It goes on like that for pages, and it’s standard creationist fare. The point I want to make is that Geisler and Turek are clearly advocating a kind of “science” that “works” only in the sense that it leads to a particular desired conclusion.
As we have seen, science is a search for causes, and there are only two types of causes: intelligent and nonintelligent (natural). The Darwinists’ claim that Intelligent Design is not science is based on their biased definition of science. But that’s arguing in a circle! If your definition of science rules out intelligent causes beforehand, then you’ll never consider Intelligent Design science.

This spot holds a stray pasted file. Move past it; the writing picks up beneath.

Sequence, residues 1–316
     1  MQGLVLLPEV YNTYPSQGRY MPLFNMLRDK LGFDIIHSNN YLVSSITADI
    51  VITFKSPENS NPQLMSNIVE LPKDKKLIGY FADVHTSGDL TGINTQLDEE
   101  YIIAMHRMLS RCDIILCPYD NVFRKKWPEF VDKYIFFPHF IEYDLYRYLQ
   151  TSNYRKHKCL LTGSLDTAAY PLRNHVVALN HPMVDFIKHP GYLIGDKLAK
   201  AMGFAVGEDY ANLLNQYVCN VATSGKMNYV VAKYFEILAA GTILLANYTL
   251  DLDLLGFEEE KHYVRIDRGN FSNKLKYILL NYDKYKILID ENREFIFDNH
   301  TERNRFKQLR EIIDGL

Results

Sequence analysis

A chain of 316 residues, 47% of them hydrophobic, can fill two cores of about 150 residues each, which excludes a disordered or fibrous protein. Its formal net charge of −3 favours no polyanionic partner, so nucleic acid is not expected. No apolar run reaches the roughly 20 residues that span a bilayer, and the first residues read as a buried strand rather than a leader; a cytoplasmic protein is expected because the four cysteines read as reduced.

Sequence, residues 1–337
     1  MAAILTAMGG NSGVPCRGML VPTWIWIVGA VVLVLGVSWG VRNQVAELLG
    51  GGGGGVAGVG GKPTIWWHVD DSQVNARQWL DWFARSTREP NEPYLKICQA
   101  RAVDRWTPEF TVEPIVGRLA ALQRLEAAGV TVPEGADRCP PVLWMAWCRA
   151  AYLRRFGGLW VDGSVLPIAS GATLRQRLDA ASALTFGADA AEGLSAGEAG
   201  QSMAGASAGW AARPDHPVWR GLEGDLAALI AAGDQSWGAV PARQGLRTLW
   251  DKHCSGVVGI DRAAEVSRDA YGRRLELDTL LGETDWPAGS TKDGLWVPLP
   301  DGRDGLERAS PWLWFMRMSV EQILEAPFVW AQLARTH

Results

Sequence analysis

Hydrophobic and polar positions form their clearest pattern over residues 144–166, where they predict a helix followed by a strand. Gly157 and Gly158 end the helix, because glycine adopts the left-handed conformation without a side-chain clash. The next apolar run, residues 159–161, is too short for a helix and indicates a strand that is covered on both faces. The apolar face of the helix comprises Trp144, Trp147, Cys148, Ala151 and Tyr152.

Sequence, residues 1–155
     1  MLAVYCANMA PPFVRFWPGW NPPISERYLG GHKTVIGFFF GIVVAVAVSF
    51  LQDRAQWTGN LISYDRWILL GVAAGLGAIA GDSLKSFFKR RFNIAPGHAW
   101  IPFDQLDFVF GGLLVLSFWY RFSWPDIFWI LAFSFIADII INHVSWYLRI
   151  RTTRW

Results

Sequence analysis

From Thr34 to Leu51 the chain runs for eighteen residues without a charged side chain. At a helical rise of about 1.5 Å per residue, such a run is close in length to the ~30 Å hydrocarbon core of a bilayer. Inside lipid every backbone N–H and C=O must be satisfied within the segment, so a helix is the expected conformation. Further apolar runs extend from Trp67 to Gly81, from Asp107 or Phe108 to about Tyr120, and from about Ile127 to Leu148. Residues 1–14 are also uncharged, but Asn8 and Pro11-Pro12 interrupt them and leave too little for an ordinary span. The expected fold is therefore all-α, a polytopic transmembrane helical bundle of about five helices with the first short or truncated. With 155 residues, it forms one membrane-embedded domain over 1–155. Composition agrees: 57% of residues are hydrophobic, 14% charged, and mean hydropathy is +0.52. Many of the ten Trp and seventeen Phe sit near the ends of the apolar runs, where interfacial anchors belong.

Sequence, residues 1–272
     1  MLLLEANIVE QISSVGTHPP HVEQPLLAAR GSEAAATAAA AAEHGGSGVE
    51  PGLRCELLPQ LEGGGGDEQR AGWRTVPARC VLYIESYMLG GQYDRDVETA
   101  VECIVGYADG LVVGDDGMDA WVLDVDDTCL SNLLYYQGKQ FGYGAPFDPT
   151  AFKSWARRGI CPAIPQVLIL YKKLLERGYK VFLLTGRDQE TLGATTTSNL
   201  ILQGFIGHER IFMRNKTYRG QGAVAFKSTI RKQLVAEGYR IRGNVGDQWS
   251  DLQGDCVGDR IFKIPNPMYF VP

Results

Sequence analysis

Geisler and Turek pack a lot of distortion into that one short paragraph, starting with the redefinition of science from being a method of understanding how the real world works to being “a search for intelligent and/or unintelligent causes.” Superstition would qualify as “science” under Geisler and Turek’s definition, because all superstition needs to do is to attribute something to an intelligent and/or magical cause (just like ID does). Likewise, Geisler and Turek redefine the “Darwinists” definition of science, portraying it as a biased refusal to consider the possibility of intelligent causes. But the problem with Intelligent Design is not that “Darwinists” refuse to consider the possibility of intelligent design, it’s that ID proponents have yet to define, in scientifically meaningful terms, exactly what is meant, and measured, by such terms as “intelligent,” “design,” “purpose,” and so on.